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Dec 19, 2014 9:49 AM CST
|The street between my house and the University of Kentucky back in the 70s was lined with Ginkgo trees. Fall always brings back the image of walking through the rain and fallen Gingko leaves. The golden leaves look like money, and they fall all at the same time, so that in the rain they stick to your shoes.
So walking through fallen Gingko leaves is a relatively rare event--one that I remember still 40 years later.
Later, I lived in Greensboro Alabama where I studied the history of this small rural Southern town. I read about a Greensboro woman who became a missionary in China, and brought a Gingko back home and planted it in front of her house. This was in the 1830s.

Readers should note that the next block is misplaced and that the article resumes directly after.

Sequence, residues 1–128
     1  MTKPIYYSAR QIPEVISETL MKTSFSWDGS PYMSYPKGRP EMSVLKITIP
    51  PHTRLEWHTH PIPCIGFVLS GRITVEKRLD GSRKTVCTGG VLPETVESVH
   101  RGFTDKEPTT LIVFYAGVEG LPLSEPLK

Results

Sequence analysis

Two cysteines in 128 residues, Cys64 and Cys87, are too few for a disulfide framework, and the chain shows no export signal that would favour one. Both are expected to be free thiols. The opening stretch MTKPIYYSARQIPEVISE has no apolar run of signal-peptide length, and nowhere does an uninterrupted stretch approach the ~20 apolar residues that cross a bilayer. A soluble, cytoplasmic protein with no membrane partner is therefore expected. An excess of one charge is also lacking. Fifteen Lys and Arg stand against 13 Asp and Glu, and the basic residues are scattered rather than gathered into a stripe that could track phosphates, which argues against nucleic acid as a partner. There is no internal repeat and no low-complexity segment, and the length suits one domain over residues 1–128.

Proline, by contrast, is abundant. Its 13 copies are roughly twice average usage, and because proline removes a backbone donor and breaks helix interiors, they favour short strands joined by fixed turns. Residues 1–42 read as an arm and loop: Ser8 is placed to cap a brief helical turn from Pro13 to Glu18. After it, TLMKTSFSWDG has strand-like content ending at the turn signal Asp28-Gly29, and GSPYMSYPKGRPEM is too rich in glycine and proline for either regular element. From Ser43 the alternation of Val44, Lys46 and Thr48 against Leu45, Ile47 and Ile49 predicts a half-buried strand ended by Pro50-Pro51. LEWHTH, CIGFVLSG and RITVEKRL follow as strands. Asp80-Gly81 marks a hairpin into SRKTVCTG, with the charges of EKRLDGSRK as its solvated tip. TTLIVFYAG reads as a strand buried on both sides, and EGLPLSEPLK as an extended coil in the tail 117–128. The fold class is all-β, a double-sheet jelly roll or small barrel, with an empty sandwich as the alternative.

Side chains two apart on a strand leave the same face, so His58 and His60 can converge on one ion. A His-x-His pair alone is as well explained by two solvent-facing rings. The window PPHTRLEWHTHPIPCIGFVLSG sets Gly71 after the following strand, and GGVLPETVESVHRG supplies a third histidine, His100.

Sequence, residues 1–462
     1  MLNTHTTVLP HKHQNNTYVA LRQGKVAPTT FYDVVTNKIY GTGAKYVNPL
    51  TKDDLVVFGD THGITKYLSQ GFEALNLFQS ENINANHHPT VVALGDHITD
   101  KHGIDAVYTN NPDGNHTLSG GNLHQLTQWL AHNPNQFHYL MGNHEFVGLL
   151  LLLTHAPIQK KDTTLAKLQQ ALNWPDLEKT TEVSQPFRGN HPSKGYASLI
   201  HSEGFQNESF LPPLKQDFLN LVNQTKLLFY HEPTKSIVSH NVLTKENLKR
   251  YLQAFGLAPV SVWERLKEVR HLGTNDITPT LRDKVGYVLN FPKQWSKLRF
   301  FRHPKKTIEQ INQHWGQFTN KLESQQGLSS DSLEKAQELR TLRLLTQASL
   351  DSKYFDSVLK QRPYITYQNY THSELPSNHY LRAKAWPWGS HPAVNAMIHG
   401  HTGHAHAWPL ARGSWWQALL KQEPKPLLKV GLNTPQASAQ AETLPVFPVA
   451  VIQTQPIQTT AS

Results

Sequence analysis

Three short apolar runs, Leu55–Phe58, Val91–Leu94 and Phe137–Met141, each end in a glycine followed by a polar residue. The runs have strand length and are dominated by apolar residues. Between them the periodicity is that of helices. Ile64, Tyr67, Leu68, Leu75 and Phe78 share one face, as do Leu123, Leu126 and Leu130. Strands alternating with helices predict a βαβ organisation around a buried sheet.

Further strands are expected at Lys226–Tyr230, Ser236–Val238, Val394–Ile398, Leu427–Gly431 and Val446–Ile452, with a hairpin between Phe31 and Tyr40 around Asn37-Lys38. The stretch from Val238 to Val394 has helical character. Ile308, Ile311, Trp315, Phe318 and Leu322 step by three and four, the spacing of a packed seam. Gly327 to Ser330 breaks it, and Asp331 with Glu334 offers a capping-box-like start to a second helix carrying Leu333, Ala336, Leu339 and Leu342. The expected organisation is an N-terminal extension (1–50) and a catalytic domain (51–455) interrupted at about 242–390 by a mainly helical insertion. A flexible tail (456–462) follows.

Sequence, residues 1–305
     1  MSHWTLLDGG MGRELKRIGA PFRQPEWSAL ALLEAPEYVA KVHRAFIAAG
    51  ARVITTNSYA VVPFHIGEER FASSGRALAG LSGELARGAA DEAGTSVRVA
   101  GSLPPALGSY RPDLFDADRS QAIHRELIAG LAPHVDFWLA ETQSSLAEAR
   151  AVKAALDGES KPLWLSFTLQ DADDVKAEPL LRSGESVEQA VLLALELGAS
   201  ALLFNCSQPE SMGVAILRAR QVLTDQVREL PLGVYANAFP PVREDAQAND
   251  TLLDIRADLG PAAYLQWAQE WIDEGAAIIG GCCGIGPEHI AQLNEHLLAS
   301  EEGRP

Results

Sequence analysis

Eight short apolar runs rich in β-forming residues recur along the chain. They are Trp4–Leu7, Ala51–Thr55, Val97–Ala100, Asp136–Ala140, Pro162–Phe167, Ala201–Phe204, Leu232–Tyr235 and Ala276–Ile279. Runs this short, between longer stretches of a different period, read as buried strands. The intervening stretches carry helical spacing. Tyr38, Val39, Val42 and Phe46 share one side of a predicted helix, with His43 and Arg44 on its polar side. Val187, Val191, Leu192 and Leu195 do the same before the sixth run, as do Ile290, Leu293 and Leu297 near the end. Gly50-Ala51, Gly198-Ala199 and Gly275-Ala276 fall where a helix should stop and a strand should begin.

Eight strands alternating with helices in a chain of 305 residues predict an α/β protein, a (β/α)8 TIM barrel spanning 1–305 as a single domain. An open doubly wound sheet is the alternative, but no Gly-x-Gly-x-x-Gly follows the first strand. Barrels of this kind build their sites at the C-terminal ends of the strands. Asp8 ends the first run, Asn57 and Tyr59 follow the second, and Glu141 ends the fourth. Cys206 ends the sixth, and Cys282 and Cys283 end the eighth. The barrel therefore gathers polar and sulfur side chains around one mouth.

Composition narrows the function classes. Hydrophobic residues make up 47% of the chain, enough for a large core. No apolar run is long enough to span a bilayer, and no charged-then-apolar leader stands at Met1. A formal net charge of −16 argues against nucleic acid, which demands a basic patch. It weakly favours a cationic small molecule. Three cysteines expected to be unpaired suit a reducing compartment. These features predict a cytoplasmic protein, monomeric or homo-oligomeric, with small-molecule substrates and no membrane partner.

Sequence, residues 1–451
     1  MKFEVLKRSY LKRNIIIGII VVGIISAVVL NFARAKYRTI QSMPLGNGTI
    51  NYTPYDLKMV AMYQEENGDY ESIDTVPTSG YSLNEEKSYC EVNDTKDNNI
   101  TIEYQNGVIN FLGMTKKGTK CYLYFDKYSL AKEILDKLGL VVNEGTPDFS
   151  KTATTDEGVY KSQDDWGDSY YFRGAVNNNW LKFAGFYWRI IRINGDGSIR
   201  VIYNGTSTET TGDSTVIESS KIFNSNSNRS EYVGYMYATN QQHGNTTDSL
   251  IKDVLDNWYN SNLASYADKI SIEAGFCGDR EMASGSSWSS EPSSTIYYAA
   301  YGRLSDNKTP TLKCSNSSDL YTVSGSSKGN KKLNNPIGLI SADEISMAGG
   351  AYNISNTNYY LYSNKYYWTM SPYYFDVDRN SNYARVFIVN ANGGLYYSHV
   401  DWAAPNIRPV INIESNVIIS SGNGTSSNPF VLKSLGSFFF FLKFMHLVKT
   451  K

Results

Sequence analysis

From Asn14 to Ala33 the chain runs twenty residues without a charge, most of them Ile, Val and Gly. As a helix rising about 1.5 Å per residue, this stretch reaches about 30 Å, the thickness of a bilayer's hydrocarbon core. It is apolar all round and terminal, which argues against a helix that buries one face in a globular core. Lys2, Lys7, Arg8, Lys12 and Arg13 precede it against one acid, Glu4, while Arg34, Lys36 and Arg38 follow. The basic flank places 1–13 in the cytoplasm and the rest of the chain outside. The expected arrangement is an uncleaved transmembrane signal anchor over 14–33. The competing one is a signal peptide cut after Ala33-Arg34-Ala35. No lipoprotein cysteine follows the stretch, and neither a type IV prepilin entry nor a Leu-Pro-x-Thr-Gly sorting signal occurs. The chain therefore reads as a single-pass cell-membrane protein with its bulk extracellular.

On one of my walks exploring the back streets of this village--I noticed that someone had cut down a large tree, some 5 ft in diameter, and there were the sprouts and a few of dead leaves--revealing that the tree was a Gingko. I checked the location and realized that the tree could well be the gingko that the missionary planted in the 1830s. I went back to the tree to see if I could salvage one or two of the sprouts trying to regrow around the tree. But by then, the courageous sprouts had been doused with Round-Up. Dead, the Gingko was finally dead, after living for 150 years of providing shade from the blazing summer sun.
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